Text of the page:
8. Now it's time to assemble the dish. In a deep bowl, add noodles. With a large spoon (or a flat Japanese ladle), spoon some egg on top. Place enoki and spinach on top, too. Pour broth over the noodles until you fill the bowl. Do this for all your servings. Sprinkle a little shichimi togarashi on top, if you'd like, and go to town. Delicious.

So there you have it. A fantastic dinner, fast to prepare. And just two pots to wash -- the stockpot and the saucepan. Hey, now that I've got this parenting thing going on, I don't have time for a pile of dirty dishes! Enjoy...

Posted by Harris Salat in Noodles | Permalink | Comments (10) | Email | Print

Comments (10)

This looks like a great winter dish. Happy New Year, and congratulations -- welcome to the sensational, sleep-deprived world of parenthood! Jim
Congratulations on the little one. 2011 is the start of a really good year for both you and your wife.
Glad you all made it safely through the blizzard and to the hospital! It must have been that warming tofu dish you made that evening for dinner. Would love to hear that saga! Congratulations to you and your honey! Blizzard Baby...will he grow up liking only white food and cold things?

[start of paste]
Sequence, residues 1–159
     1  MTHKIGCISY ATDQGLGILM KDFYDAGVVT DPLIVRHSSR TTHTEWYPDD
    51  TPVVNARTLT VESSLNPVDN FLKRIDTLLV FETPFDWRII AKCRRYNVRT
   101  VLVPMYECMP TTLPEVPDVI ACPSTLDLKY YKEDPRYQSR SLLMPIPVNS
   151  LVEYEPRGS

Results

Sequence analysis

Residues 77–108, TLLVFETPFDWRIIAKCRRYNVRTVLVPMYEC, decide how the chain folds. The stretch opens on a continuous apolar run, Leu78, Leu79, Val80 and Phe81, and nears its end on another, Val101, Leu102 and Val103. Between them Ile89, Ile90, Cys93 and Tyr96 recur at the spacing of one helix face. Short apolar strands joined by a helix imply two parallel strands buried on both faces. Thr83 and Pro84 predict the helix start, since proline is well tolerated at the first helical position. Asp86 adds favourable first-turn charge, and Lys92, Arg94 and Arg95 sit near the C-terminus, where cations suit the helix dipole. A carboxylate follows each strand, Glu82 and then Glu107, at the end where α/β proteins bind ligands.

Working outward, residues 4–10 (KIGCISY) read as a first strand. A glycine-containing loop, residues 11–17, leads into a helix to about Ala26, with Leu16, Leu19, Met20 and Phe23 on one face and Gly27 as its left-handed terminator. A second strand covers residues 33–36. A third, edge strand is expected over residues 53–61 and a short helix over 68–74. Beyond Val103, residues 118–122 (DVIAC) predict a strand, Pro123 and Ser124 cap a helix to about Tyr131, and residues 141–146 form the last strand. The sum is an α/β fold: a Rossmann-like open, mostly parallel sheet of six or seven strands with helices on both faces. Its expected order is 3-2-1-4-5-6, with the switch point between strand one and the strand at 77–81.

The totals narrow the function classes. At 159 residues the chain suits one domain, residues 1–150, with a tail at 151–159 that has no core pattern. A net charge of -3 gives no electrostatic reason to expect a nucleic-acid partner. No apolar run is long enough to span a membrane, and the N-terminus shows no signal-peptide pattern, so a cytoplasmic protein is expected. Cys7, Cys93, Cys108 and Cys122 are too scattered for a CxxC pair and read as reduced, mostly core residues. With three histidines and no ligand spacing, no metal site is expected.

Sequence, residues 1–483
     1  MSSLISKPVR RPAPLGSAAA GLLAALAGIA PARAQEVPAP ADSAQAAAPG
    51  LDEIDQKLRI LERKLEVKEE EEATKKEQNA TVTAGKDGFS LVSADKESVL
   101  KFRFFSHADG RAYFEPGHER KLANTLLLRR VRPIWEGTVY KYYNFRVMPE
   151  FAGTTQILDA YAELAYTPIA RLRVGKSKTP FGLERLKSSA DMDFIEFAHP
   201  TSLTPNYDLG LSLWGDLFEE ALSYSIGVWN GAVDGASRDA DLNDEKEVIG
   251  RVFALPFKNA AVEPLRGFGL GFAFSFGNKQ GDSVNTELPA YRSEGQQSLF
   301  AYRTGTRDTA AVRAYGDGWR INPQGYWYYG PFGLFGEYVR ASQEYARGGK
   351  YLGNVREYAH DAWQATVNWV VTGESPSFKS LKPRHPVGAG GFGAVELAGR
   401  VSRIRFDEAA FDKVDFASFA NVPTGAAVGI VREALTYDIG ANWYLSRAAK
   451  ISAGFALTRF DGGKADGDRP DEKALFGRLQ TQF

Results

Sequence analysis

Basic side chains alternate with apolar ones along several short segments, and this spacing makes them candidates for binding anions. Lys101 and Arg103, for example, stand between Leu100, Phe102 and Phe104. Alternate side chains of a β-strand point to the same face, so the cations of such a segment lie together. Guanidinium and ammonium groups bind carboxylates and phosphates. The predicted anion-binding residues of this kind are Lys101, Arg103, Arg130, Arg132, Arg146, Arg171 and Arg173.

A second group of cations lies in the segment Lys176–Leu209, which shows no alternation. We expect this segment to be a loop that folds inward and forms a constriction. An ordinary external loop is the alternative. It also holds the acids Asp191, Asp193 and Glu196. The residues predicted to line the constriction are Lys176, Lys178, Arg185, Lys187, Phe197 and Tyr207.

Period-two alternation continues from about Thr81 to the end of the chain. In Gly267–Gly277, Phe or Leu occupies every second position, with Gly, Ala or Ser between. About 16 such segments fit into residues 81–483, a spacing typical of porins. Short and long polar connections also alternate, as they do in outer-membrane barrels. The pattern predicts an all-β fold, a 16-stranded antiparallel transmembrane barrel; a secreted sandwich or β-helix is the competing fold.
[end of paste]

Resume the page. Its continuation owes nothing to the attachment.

Dear Harris, Congratulations on your son-You will never forget the day or the snow. I love all of your posts. They have helped me become comfortable with cooking Japanese food. Happy New Year and sleepless nights! Queen Artoeat
A bundle of joy...what a way to start the new year! Congratulations!
Congratulations on the new addition!
Congratulations on your new family member! I managed to stop reading your blog over the course of (another) international move, but it's nice to come back and see you cooking up delicious versions of some of my Japanese favourites still. Thanks for sharing these recipes.
Congratulations to you and your wife on the exciting arrival of your little one. What a great to story to tell him as he grows up : ) And thanks for all the inspiration you give to everyone, Harris.
oh my god, you can never ever put this kind of picture again, it's killing me, how you can put such a yummy noodle here, and show me just before the lunch time..... i can't wait to eat them......